• Question: Why did you choose to work with radioactive materials to help people rather than save animals at animal rescue? Could you use the same idea of using the radioactive materials to help animals as well?

    Asked by jazz368gas to Laura on 9 Nov 2019.
    • Photo: Laura Sinclair

      Laura Sinclair answered on 9 Nov 2019:

      Very good question. At school I fell in love with science, and later on I heard about a special type of imaging called PET. PET is where matter and anti-matter collide and create two gamma rays that move back-to-back and are detected using a special machine. This type of imaging can tell us how things in the human body are working, without using invasive surgery. I thought this was very cool and interesting. So I did more research and found out that physicists can work at hospitals so I kept this type of career in mind. When a family member got sick, I did further research and found out the type of work physicists, which is mostly behind the scenes to help people get better. So I embarked on this career path.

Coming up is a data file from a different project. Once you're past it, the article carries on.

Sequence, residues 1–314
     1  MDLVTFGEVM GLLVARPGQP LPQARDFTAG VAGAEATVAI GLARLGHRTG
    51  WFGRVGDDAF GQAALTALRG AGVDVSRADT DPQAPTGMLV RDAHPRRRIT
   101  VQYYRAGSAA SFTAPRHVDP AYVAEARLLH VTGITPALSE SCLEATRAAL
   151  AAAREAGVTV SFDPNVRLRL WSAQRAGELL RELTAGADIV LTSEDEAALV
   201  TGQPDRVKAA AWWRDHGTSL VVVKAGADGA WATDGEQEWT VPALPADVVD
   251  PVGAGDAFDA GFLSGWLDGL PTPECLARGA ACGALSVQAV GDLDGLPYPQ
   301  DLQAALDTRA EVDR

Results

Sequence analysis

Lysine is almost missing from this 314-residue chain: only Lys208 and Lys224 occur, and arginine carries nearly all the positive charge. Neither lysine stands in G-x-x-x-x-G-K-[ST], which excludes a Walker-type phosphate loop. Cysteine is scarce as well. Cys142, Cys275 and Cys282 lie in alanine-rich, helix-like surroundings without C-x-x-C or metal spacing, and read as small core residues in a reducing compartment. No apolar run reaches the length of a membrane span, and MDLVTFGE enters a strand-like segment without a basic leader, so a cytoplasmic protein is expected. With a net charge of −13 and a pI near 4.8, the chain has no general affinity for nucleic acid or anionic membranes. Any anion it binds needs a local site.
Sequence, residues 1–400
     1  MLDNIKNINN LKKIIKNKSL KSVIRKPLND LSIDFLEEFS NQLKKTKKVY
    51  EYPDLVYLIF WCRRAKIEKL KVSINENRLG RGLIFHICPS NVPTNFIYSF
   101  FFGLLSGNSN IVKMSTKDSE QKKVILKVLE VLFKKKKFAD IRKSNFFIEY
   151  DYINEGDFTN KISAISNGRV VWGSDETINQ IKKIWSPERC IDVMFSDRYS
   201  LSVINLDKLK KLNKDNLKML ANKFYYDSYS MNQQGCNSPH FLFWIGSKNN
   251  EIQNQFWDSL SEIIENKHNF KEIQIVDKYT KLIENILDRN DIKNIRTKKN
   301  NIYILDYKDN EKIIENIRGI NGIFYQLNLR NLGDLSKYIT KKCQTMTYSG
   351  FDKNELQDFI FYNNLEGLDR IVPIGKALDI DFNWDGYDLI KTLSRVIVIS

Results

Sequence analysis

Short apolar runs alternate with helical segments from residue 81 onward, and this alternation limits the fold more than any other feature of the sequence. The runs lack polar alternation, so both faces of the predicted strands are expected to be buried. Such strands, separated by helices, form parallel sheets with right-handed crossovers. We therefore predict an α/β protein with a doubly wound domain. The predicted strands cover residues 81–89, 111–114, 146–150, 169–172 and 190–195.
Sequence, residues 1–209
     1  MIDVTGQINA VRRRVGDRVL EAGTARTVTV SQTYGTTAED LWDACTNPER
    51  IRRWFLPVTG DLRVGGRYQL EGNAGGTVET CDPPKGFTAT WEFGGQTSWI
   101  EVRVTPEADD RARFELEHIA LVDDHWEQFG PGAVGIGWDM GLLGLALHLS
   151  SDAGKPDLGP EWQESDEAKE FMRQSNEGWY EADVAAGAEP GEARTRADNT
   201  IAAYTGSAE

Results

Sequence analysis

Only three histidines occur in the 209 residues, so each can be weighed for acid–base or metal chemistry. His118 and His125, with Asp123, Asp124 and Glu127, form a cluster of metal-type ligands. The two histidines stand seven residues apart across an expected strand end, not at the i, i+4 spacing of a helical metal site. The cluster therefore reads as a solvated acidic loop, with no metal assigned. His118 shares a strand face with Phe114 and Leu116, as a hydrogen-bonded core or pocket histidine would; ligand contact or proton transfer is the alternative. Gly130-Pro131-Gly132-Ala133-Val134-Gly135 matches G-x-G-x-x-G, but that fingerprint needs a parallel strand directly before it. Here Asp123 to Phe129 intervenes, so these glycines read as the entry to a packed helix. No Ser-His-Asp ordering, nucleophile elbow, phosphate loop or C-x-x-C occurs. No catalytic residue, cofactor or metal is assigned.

And… later on I found out this is all applicable to animals as well! So, vets can use X-ray imaging, nuclear medicine treatment, radiotherapy and all sorts to treat and diagnosis animals. Physicists are needed in a similar way, as they are in a hospital for this type of work. This is an area I would love to get involved in when I am more experienced.

      My ultimate goal when I retire is to open up an animal sanctuary. Meanwhile, I enjoy volunteering my spare time with animal charities and rescues. We have fostered 7 cats and 3 dogs, and sometimes I go to shelters abroad to help there. It keeps me busy, but it feels really worthwhile.

      Thank you for your question